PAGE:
Consider the famous case of Florida in the 2000 election between George W. Bush and Al Gore.  In that election, 35 percent of Floridian Jews voted for Bush.  Had the Florida Jewish vote reflected the national Jewish vote – in which only 21 percent of Jews voted for Bush – then Bush would have lost Florida and, accordingly, Al Gore would have been the 43rd President of The United States.

This phenomenon is not specific to Florida in 2000.  Jews make up approximately 3 percent of the voting population of Pennsylvania, a state that John Kerry won in 2004 by fewer than 200,000 votes.  The Jewish population of Philadelphia alone is approximately 254,000.   A third state that makes the Jewish vote interesting is Ohio; celebrated Jewish-politics commentator Nathan Guttman agrees by noting in Moment Magazine that, “Ohio is also a state where Jewish voters could play a role in a close race.”

With only 6.5 million Jews in the United States, the Jewish vote is hardly a dominant factor in U.S. Presidential Elections (perhaps in contrast to Jewish money – see next month’s column!).  But in certain closely contested states, the Jewish vote could be the deciding factor.  I’m certainly not the only one who thinks so – look at this recent campaign launched by the Republican Jewish Coalition centered on Florida, Pennsylvania, and Ohio.  You can be sure President Obama and the Democrats have something similar planned for these critical, and Jewish-heavy, states!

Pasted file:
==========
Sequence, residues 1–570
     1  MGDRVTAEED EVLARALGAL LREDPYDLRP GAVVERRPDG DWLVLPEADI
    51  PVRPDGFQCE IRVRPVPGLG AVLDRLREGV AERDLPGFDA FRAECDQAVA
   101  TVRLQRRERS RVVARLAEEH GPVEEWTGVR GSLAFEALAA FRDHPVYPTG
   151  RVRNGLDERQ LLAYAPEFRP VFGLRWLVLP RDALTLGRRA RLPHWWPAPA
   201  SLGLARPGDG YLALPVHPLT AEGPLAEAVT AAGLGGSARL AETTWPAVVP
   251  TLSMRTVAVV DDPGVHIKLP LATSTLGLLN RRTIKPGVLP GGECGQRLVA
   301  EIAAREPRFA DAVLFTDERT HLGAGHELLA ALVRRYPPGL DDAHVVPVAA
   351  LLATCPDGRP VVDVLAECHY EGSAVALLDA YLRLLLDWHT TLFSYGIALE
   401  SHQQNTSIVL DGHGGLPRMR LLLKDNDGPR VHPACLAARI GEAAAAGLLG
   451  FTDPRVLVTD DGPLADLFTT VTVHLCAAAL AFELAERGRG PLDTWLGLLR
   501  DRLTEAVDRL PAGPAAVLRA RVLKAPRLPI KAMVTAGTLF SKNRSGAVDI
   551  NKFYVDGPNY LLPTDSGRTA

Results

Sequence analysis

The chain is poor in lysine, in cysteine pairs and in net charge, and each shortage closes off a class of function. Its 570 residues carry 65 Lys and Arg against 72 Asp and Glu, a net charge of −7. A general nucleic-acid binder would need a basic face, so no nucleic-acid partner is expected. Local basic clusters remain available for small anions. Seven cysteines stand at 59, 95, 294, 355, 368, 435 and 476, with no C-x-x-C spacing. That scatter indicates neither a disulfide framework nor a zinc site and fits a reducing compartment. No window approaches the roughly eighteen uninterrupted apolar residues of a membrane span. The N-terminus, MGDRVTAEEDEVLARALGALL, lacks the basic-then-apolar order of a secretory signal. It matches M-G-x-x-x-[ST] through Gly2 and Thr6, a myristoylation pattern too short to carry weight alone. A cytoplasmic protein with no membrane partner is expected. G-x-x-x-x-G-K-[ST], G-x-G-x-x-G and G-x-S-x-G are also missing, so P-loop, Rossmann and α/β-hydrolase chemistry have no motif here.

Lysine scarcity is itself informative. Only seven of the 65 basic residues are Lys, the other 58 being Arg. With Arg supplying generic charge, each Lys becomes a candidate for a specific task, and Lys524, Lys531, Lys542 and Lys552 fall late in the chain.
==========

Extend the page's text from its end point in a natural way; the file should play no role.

….  Chart below from the Jewish Virtual Library (December, 2011) ….

State

Estimated Jewish Population

Total Population

Jewish Percentage

Alabama

8,850

4,779,736

0.2%

Alaska

6,150

710,231

0.9%

Arizona

106,400

6,392,017

1.7%

Arkansas

1,725

2,915,918

0.1%

California

1,219,740

37,253,956

3.3%

Colorado

91,070

5,029,196

1.8%

Connecticut

116,050

3,574,097

3.2%

Delaware

15,100

897,934

1.7%

District   of Columbia

28,000

601,723

4.7%

Florida

638,635

18,801,310

3.4%

Georgia

127,670

9,687,653

1.3%

Hawaii

7,280

1,360,301

0.5%